The second piece of that attitude shift is learning to love my anxiety – to get excited that I’ll have another opportunity to practice with feelings of anxiety and doubt/uncertainty. That’s a hard attitude shift, but the only way to win. As Dr.Wilson said, we’ve been worshipping at the altar of anxiety for far too long – We bow down and plead – “Please anxiety, I’ll do anything – just please don’t make me feel edgy & out of control – I can’t bear it”. The shift also encompasses changing your relationship with anxiety. When you begin feeling nervous – perhaps the adrenaline is flowing through your chest, your heart is pounding and you’re telling yourself that bad things are about to happen – you can talk to your anxiety & ask it to make the symptoms stronger. If you’re going to feel symptoms anyways, why not surprise the bully and invite anxiety to take it’s coat off and stay a while.

Something I loved about the weekend was Reid’s “Anxiety Disorders Game” that we played during lunch and night time breaks. We all got score cards and were able to earn points by doing some of the following:

*Deciding what anxiety provoking event we would enter and following through.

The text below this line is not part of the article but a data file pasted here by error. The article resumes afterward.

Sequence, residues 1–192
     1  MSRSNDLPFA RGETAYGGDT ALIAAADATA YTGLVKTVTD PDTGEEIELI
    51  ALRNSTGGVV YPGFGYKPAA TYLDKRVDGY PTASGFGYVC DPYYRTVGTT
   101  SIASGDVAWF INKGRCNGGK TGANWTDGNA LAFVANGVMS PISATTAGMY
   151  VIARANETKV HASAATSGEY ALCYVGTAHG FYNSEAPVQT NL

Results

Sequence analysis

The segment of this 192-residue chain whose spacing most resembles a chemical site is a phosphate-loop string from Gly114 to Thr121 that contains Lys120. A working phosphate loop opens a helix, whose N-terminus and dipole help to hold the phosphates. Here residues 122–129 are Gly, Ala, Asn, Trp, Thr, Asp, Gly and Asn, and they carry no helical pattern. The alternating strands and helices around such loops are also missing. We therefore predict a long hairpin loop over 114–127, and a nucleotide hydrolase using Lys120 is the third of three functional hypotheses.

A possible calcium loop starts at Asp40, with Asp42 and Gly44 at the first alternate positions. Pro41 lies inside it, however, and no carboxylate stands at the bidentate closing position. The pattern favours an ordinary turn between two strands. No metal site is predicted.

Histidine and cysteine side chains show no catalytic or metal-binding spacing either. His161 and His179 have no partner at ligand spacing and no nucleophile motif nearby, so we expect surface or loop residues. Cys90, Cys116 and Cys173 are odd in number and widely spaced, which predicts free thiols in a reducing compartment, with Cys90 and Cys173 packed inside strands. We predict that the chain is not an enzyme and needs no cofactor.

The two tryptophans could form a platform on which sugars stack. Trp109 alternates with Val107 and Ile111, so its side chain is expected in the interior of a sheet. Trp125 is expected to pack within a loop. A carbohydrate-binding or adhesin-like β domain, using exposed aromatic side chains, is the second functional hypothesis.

*Truly wanting anxiety to show up and asking for more when it did (with an understanding of why we were practicing this way).
*Extra points could be scored for every minute you asked for more anxiety and you got your wish.

A fly on the wall might have overheard people planning their practices like this:

“Well, I think I’m gonna go to lunch, keep changing my order & maybe spill my drink on purpose. I hate drawing attention to myself, so that should make me really uncomfortable. Afterwards, I’ll probably ride in the big elevator and try to make myself hyperventilate.”

“Yeah, I’m gonna go driving around the city, try to get lost & then find my way back. That should get me good & panicky. You do have your cell phone on, right?”

“I’m going to ride in the back of someone’s car with the windows up, heat on & the music blaring. I think that will trigger my claustrophobia and earn me some bonus points.”

On Sunday, during our lunch practice, I drove myself on the downtown expressway for a meal at Elmo’s Diner (delicious!). Reid reminded me that once I got to my destination, and knew where I was, I would probably feel comfortable. Since the weekend was about working with anxiety, discomfort and doubt, he encouraged me to try & think of ways I could make myself more uncomfortable. I was also looking for ways to score more points in the game.